This judgment gave ammunition to BJP to accuse the UPA government of indulging in foul play and misusing the CBI to wreak political vengeance against Modi. BJP accused the CBI of overzealousness to go after Shah to please ‘political masters’ in the UPA government.

Now, it is to be seen whether the CBI files an appeal against the trial court order or attempts to please the present ‘political masters’.

I had hoped for justice: Tulsiram's mom

The special CBI court's decision to discharge Amit Shah from the fake encounter case of Sohrabuddin and Tulsiram Prajapati has added to the despair of Prajapati's mother Narmada Bai, a resident of Ujjain. “My hope for justice has been dashed. Many people tried to influence me but I was waiting for justice,“ Narmada Bai told reporters. Prajapati, a noted criminal, was killed on December 28, 2006. Later, in 2011, the Supreme Court directed CBI to investigate the murder. In 2012, the CBI in its chargesheet named Amit Shah as an accused in the case.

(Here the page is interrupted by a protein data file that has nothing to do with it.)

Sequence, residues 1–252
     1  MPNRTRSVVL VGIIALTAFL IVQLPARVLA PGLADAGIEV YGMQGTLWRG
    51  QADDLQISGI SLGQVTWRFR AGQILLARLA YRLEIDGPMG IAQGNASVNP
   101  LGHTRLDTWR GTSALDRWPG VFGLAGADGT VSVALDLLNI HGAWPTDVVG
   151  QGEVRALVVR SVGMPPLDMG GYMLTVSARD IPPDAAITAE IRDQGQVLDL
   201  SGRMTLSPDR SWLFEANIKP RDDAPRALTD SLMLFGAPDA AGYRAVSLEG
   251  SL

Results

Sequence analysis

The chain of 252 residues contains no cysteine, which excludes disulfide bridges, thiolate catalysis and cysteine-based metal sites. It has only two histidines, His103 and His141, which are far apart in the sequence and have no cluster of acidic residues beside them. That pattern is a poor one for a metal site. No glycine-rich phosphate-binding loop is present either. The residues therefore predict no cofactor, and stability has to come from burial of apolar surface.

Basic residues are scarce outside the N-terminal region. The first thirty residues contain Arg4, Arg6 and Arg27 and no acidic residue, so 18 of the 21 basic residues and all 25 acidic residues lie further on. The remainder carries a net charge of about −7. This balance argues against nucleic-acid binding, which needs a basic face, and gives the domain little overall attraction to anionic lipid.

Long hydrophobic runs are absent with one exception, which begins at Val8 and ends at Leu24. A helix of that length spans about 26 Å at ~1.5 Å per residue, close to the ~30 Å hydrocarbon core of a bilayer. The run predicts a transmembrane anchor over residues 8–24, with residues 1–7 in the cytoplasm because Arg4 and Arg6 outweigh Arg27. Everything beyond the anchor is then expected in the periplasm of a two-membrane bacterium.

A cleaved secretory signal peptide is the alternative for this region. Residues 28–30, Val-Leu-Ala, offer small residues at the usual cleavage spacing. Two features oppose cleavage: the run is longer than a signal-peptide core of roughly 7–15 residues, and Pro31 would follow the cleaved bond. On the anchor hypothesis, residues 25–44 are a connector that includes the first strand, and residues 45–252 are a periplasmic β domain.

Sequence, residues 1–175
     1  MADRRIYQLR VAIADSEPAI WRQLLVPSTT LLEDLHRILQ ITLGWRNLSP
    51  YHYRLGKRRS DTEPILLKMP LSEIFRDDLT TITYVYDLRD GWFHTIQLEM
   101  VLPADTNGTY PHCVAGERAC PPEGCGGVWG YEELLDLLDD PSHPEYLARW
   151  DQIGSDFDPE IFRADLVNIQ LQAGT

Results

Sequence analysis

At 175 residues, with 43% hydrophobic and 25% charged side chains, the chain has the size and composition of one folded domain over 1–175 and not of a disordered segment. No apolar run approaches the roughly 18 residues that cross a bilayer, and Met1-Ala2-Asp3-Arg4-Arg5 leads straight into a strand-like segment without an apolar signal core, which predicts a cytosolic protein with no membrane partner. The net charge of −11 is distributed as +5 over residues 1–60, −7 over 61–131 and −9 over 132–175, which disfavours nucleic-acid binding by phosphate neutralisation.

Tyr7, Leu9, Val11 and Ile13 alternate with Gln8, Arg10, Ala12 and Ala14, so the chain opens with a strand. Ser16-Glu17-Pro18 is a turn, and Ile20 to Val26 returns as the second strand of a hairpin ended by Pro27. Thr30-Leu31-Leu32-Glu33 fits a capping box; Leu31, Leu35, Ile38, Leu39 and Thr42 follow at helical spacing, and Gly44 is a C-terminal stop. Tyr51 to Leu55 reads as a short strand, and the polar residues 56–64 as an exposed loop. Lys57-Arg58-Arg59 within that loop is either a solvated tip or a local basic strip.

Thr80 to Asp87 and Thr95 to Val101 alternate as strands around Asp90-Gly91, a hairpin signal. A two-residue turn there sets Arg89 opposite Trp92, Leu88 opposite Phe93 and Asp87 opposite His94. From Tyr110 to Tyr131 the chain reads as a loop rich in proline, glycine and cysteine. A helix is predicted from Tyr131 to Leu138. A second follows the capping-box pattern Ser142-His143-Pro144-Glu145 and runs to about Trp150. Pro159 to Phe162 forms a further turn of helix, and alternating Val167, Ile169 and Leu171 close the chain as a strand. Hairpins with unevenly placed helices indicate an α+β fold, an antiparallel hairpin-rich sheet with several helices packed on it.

One by one, 92 witnesses turned hostile, sank case

Rebecca Samervel, One by one, 92 witnesses turned hostile, sank case, December 22, 2018: The Times of India

One of the biggest blows to the prosecution’s case was the unprecedented number of witnesses who resiled from alleged statements given to the CBI and turned hostile in court. Of the 210 witnesses, 92 — many crucial to establishing the prosecution’s theories of the abduction of Sohrabuddin Shaikh, his wife Kausarbi and his associate Tulsiram Prajapati from a bus near Hyderabad and even Tulsiram’s presence on that bus — turned hostile.